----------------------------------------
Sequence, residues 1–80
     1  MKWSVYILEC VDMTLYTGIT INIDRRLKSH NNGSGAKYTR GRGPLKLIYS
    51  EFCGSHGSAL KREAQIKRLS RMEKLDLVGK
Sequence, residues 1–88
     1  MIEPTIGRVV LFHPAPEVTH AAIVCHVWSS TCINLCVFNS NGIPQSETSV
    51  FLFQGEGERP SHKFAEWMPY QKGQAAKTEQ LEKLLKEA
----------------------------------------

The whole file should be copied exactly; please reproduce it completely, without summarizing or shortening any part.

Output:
Sequence, residues 1–80
     1  MKWSVYILEC VDMTLYTGIT INIDRRLKSH NNGSGAKYTR GRGPLKLIYS
    51  EFCGSHGSAL KREAQIKRLS RMEKLDLVGK
Sequence, residues 1–88
     1  MIEPTIGRVV LFHPAPEVTH AAIVCHVWSS TCINLCVFNS NGIPQSETSV
    51  FLFQGEGERP SHKFAEWMPY QKGQAAKTEQ LEKLLKEA